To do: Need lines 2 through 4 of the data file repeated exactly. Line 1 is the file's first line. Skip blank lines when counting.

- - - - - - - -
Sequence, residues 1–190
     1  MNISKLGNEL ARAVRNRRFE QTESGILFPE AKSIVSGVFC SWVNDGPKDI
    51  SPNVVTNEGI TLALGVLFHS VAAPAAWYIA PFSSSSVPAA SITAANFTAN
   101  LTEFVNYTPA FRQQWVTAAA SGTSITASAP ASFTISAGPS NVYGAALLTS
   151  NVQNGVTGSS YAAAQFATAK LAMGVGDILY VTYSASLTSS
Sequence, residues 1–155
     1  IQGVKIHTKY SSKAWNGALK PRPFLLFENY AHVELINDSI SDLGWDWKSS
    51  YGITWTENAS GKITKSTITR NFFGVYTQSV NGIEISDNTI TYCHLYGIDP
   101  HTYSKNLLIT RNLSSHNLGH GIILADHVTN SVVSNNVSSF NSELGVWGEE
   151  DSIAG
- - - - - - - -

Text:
     1  MNISKLGNEL ARAVRNRRFE QTESGILFPE AKSIVSGVFC SWVNDGPKDI
    51  SPNVVTNEGI TLALGVLFHS VAAPAAWYIA PFSSSSVPAA SITAANFTAN
   101  LTEFVNYTPA FRQQWVTAAA SGTSITASAP ASFTISAGPS NVYGAALLTS